By Barry Noone, Teleshopping Copy Group Executive
The issue of verification/verifiability has recently been in the spotlight and we felt that it was time to update you or perhaps introduce the area to you if you are unfamiliar with it. To help, we’ve pulled together a range of help notes, ASA rulings and a list of some claims which will require verification and some that won’t. As usual, all claims need to be assessed on a case-by-case basis, so if you are still unsure whether your ad requires verification, you can contact your Clearcast executive who will advise you accordingly.
BCAP rule 3.35 states
‘comparisons with identifiable competitors must objectively compare one or more material, relevant, verifiable and representative feature of those products, which may include price. For the comparison to be considered verifiable advertisers must give readers enough information about the comparison to understand it and include a signpost in the ad to that information. If the checking requires special knowledge most consumers are unlikely to have, readers should be able to get a knowledgeable and independent person or organisation to verify the comparison’.
What is verifiability?
If you make comparative advertising claims in your TV ad, then there is a good chance that you will need to include a verification super in the ad so that viewers can go and check out the claim and data for themselves. It’s important to remember that unnamed advertisers can nonetheless be identifiable, and that verification will therefore be needed for most comparative claims.
Why is it important?
If your ad makes a comparative claim and it doesn’t instruct the viewer to check it or if the info isn’t readily accessible, there is potential breach of rule 3.35 and the ad can be investigated by the ASA.
How advertisers can provide the information.
The best way to ensure a comparison is verifiable is to direct consumers to a website that contains information based on the comparison, such as the products, prices and the methodology. Advertisers could, for example, include “comparison can be verified on www…” or “visit www… to verify the comparison” in on-screen text. We would suggest using either of the following methods to notify viewers.
Verification method Examples
- Email – For verification please email “Clearcast” at verification@Clearcast.co.uk
- Postal – For verification please write to Clearcast Verification, Roger Street, London WC1N 2JX
- Web – For verification visit www.Clearcast.co.uk /verification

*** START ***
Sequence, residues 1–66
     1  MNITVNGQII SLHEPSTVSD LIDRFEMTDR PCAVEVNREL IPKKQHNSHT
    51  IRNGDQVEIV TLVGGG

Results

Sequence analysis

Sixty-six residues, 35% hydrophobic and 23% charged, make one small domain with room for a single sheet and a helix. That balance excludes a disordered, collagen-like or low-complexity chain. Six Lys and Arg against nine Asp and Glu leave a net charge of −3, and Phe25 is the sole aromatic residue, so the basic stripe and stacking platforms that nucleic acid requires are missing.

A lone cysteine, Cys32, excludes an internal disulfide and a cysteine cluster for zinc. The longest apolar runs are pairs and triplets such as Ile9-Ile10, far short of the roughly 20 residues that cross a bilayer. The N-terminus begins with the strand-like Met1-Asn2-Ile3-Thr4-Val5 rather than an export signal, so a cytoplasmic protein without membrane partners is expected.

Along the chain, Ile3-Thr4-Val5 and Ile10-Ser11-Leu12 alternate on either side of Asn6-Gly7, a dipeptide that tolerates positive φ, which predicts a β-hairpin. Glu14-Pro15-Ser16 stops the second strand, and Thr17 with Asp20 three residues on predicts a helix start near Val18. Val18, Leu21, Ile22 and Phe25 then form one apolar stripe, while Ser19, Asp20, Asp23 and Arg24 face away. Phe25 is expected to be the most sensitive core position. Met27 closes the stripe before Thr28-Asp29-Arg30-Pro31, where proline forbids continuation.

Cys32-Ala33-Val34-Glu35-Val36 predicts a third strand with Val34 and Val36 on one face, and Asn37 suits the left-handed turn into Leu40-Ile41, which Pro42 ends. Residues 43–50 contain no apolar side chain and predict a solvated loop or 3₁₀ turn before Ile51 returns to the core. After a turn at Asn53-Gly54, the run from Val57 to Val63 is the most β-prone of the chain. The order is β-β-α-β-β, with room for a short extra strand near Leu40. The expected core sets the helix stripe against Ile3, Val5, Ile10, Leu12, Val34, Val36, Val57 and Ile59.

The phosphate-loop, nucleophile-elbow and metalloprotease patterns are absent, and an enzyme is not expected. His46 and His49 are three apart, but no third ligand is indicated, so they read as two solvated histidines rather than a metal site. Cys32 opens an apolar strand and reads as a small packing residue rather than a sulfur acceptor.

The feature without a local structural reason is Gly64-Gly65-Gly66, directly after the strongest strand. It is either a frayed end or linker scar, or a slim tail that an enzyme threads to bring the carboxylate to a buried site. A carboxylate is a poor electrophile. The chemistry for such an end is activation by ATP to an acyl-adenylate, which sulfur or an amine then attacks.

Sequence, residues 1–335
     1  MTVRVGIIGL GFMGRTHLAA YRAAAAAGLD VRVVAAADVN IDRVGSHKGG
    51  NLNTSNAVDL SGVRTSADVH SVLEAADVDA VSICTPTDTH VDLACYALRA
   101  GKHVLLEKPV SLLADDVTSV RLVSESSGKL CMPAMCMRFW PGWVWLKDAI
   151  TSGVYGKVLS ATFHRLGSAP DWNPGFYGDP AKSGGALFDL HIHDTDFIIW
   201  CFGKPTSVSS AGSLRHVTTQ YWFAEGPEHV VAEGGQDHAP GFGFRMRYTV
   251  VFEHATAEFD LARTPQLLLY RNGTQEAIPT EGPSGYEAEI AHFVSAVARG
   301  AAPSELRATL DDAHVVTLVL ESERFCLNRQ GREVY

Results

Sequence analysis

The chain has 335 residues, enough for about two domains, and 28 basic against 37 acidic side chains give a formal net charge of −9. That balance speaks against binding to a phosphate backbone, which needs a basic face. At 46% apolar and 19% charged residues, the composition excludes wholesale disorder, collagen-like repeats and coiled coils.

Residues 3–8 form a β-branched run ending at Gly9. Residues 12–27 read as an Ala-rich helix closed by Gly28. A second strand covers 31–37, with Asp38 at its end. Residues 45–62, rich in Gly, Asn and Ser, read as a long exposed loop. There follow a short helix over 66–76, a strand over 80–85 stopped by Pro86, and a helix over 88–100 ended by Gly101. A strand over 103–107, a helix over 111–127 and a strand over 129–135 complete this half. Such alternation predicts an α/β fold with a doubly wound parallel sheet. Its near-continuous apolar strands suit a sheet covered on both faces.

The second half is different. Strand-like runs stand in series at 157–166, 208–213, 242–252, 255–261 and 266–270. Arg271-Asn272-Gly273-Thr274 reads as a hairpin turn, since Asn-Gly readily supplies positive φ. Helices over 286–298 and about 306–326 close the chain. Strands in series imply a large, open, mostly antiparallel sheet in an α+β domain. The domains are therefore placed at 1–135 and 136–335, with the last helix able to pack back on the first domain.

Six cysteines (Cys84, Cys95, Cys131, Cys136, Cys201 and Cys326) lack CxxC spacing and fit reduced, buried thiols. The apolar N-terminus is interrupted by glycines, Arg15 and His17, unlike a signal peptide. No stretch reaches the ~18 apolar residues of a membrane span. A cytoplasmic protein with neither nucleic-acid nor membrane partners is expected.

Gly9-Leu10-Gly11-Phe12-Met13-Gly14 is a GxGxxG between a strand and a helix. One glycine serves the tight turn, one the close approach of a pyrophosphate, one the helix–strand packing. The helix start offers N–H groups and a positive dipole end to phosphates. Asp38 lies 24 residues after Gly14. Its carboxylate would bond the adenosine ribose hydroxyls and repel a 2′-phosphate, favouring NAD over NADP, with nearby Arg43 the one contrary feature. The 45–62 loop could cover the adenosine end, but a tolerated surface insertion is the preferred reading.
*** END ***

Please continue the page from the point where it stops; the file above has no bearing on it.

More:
Examples of claims that require verification.
- ‘UK’s No 1’
- ‘Europe’s Number 1 airline’
- ‘That’s one of the reasons why Clearcast is the UK’s fastest growing clearance brand’.
- ‘#1 Dentist recommended brand worldwide’
- World’s favourite online gambling site’
Examples of Claims that don’t require verification.
- ‘The UK’s No 1 film’ (The ASA don’t think ads featuring this type of claim need to provide viewers with the means to verify the claim. It is easy to find this info online and viewers will understand the basis easily)
- ‘Best-selling debut artist’
Information that can be provided.
For example, if an advertiser is making a ‘UK’s No 1’ claim, they would need to direct viewers to an area of their website which has the substantiation for the claim. When making information available on a website, care needs to be taken to include all the relevant information about the comparison to ensure consumers (or someone with the requisite degree of knowledge) can understand it. This could be published sales data which shows the advertiser having the most sales compared to their major competitors. It is worth noting that comparisons based on commercially sensitive or confidential data should not be made unless the advertiser is prepared, and allowed, to share the relevant information with consumers.
Where advertisers have gone wrong in the past.
The ASA have upheld in cases before where:
-No verification information was provided and consumers couldn’t easily check the claims for themselves.
-The claim could only be verified by purchasing a product and therefore the verification info wasn’t readily accessible.
-The ad contained a website address but didn’t clearly signpost that was how viewers could verify the claim.
-The verification information was provided but contained errors and inconsistencies so couldn’t be easily understood.
-The verification information didn’t contain sufficient information about how the comparison had been made.
Example ASA Rulings
Lidl – The ASA considered that consumers would need to access a breakdown of the prices for each Lidl item in order to fully understand the comparison made in both ads. However they also considered that the ads themselves were not signposted sufficiently clearly where the information could be found.
Golden Charter – The TV ad did not include any information about the figures the claim was based on, nor did it direct consumers to where that information could be found (for example, the URL of a specific page on Golden Charter’s website where the information was stated). They considered the TV ad did not provide sufficient information to ensure the details of the comparison could be verified by consumers and competitors, and therefore concluded that it breached the Code.
BT Broadband – The ASA considered that, because not all the necessary data and results were available, the information provided was not sufficient to ensure the details of the comparison could be verified by consumers and competitors, and concluded that the ad breached the Code.
If you would like further information on how the ASA views comparisons and verifiability please visit the below links for the most up to date information.